The local government of Hinds County, Mississippi, may force residents to pull their pants up in the hope of pulling the region up by its bootstraps.
In a hearing yesterday, county officials brought new legislation regarding sagging pants to the table in an effort to weed out what the ban’s supporters say is an “indecent” wardrobe choice that’s keeping the Jackson area youth out of work.
While the question of whether banning saggy pants will solve the Jackson area’s unemployment issues is still up for debate, the severity of area’s economic state is not. As of June, unemployment at Hinds County stands at 9.1 percent, with approximately 22.5 percent of residents living below the poverty line as of 2010.
The Hinds County saggy pants ban would make sagging one’s pants more than three inches below the hip or exposing underwear or skin in that area a misdemeanor. First-time offenders would only receive a warning; following the second offense, the offender must pay a $10 fine and complete two hours of community service. If the offender is a minor, the minor’s parents would also be fined.
Supporters of the ban, such as Supervisor Kenneth Stokes, say that outlawing sagging pants will help to adjust the culture of Hinds County. “Here in Mississippi, the majority of the elderly or the older people have a bad feeling about the sagging pants,” Stokes said. “When you have a person with sagging pants coming to a job interview, they have a worse chance than someone who comes to the interview with their pants not sagging.”
Representatives from the Mississippi chapter of ACLU have decried the proposed ordinance as particularly discriminatory against black males and an infringement on personal freedom of expression, according to ACLU representative Bear Atwood.
“The saggy pants ban would be unconstitutional,” she said. “Hinds County is a predominantly black county, Jackson is predominantly black, and our real concern is that this is, intentional or not, going to end up targeting black neighborhoods and, for kids who have done nothing other than wear their pants too low, brings them into contact with the police unnecessarily.”
Atwood said that while the county’s goals may be good, there are less controversial and more effective ways to raise kids’ self-esteem and instill in them the value of proper dress.
Other dissenters have focused their discontent on whether the legislation as it stands is effective.
Hinds County Supervisor Phil Fisher stated that he is opposed to the saggy pants ordinance “because it doesn’t offer an enforcement mechanism with any bite.”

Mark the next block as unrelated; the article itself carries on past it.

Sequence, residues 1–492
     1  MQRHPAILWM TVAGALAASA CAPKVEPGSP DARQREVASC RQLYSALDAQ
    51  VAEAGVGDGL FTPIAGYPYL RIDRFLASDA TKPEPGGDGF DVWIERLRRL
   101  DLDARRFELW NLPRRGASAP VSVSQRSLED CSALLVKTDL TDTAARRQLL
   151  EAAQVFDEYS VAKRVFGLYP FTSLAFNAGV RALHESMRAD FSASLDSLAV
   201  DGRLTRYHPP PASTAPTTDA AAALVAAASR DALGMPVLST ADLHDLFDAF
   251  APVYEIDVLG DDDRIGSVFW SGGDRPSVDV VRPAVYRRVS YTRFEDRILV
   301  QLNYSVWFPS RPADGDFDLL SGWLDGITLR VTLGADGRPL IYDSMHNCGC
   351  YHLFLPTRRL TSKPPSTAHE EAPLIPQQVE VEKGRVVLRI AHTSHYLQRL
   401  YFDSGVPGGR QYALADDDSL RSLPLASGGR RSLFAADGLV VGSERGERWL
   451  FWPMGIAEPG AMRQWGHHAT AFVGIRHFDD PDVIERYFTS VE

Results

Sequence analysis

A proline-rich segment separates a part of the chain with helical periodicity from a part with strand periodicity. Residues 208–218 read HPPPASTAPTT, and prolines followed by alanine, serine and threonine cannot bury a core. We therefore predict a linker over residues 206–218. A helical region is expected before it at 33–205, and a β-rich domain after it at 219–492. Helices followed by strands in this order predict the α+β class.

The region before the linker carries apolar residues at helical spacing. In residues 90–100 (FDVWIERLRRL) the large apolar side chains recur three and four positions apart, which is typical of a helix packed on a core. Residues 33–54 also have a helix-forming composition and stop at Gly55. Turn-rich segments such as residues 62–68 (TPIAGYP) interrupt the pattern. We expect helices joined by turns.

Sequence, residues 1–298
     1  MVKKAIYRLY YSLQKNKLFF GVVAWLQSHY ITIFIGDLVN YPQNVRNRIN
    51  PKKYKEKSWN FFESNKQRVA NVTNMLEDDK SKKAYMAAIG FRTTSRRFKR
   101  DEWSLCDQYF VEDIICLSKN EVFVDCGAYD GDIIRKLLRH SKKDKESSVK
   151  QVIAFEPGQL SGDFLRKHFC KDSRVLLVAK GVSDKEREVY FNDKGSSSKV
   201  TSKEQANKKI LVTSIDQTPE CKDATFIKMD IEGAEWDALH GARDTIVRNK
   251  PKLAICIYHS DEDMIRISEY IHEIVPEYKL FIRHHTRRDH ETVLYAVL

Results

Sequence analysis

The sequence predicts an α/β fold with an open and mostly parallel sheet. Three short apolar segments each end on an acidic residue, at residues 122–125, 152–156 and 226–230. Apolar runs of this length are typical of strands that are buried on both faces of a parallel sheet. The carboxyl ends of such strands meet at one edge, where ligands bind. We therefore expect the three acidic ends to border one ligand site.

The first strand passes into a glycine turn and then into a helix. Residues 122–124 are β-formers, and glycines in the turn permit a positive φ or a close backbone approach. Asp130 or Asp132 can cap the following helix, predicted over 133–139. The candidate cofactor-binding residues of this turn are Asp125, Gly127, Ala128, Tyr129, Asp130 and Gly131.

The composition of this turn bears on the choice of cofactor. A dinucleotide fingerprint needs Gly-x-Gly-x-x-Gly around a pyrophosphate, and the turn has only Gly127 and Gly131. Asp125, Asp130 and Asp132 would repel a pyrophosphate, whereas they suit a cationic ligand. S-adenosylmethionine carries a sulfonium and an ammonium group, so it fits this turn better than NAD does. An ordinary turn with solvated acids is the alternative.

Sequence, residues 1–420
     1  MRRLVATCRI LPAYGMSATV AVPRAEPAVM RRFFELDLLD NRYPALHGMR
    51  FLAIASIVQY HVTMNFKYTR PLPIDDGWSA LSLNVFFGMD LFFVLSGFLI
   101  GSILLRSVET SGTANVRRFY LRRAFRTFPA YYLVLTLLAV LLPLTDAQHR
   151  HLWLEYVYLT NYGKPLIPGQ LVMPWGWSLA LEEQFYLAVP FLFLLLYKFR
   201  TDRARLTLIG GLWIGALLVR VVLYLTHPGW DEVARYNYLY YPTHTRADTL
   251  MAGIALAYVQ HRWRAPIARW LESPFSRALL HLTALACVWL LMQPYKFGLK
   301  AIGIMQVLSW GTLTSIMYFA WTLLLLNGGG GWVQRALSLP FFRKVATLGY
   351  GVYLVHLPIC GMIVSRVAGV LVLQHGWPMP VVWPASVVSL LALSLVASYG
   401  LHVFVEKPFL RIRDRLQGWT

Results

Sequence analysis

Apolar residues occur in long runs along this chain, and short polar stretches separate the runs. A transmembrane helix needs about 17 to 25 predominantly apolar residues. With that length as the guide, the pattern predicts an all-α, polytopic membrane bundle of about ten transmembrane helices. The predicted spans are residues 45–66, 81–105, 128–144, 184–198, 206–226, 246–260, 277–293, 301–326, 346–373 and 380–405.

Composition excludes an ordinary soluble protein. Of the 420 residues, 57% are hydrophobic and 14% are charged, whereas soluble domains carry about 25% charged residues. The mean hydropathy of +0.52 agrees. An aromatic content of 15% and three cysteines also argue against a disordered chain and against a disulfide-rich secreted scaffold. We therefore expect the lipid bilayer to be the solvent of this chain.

Fisher referred to the legislation as a “feel-good measure” for the board and “a waste of time for law enforcement,” saying that “parents should raise their own children and not rely on law enforcement to raise them.”
“I don’t think you can legislate morality,” Fisher said. “You can’t legislate people’s behavior necessarily when it comes to dress.”
County deputies would be in charge of enforcing the ordinance, though Fisher says the lack of accountability in the current legislation makes it likely that the ban will go unnoticed. He advocates requiring monthly reports from law enforcement on the number of tickets issued, as well as higher penalties, with a $100 fine for a first offense.
Stokes said that banning sagging pants will help to discourage students from dropping out of high school, and also prepare them for employment later on. He also emphasized that the ban may not be universally applicable, but that it’s the right decision for Hinds County.
“What we’re saying here in Jackson, Mississippi, in Hinds County, may not fit in Atlanta,” he said. “We don’t have a whole lot of jobs here, and we have to be sure that our children qualify for the jobs that we do have.”
“Let’s stop sagging,” Stokes said. “Let’s get on the job.”
During Monday’s hearing on the proposal, dozens of protesters gathered in the Hinds County Chancery Court building in an effort to protect their rights to let their pants and skirts hang low.
The public’s interest in the saggy pants ban was not lost on Fisher. “You know, it’s just funny. We’ll talk about the budget or we’ll talk about the jail or some other, you know, issue that really impacts a lot of people or really means something, and nobody shows up,” he said. “It’s just funny what people pay attention to.”
The Hinds County board of supervisors will vote on the measure during its Aug. 20 meeting.